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my employer want me to come in a sign patent paperwork. California

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  • my employer want me to come in a sign patent paperwork. California

    I am in california.

    I was layoff 2 months ago. My former employer want me to go in and sign patent paperwork.

    They called just called me up and ask me to come in or meet somewhere to sign the patent paperwork.

    I said I am kind of bussy now and I don't work for you any more. And can you folkes do this without me. Because it will take me about 4 hours to review the patent. My former company is in the habbit of asking people to sign thing without giving people time to reading it. They then said I was legally obligated to sign to come in and sign it.

    I then said how does the company A (the company that my former employer higer to adminster hr and payrole they are technically my employer) feel demanding a former employee to come in to sign paperwork. They said the patten have nothing to do with company A. And if I don't come in they will have the patent attorney call me to inform me of the consequence.

    The patent was created during my employment I am the inventor. I did not sign my right as part of my employment. But the patent has not been formaly approval by the patten office. And while I was their employee I would review the patent and modify and add to the patents. So if they are asking me to sign and release to them the latest version it would be different to what I have sign while I was their employee. But for me to sign it I have to review the patten (who is to say they, my former company, did not add something that I invented that was outside of the company.)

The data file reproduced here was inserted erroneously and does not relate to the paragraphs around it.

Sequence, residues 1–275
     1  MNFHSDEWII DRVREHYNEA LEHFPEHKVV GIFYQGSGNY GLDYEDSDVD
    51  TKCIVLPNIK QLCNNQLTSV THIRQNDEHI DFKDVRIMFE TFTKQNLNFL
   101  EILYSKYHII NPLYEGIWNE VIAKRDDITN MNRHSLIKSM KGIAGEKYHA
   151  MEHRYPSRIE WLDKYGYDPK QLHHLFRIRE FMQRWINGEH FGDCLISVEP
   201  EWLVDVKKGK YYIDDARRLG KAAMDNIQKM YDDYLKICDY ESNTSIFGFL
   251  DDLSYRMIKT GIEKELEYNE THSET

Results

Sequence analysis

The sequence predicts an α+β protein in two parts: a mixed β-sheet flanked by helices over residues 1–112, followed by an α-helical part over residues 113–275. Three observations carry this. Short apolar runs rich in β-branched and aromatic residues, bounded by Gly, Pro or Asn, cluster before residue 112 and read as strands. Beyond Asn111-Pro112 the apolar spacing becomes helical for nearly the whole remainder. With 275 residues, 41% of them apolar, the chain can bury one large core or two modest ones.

If it sould like I don't trust my former employer you are right. I have good reasons.

    Am I legally obligated to go in and sign the patent? I don't see anything in my seperation paperwork that said I have to go in a sign thing after the fact. And the other thing is that it is work for me to go in and review the patten.

    So I contact and report this situation to HR in company A.

  • #2
    No, you are not required to go sign away whatever rights you may have in an invention to a former employer.

    If I understand you correctly, you were not actually an employee of the company in question. It appears that you were job-shopped by Company A, probably because the company was able to give you less benefits than their regular employees. I'm guessing that, in that process they failed to have you complete intellectual property documents which would give them the rights to anything that you invented. If they had done that, they wouldn't be after you for a signature.

    I wouldn't worry about a call from a patent attorney. I am curious about what threats he may throw at you; but, they would be idle threats. -- Please don't take this as an insult, I mean it to help you: Your English is very poor and that may be a factor in them feeling that they can push you around.

    Since they are bugging you on this, there may be value in your invention. I find it repugnant that they would lay you off and then try to steal whatever rights you have to the patent.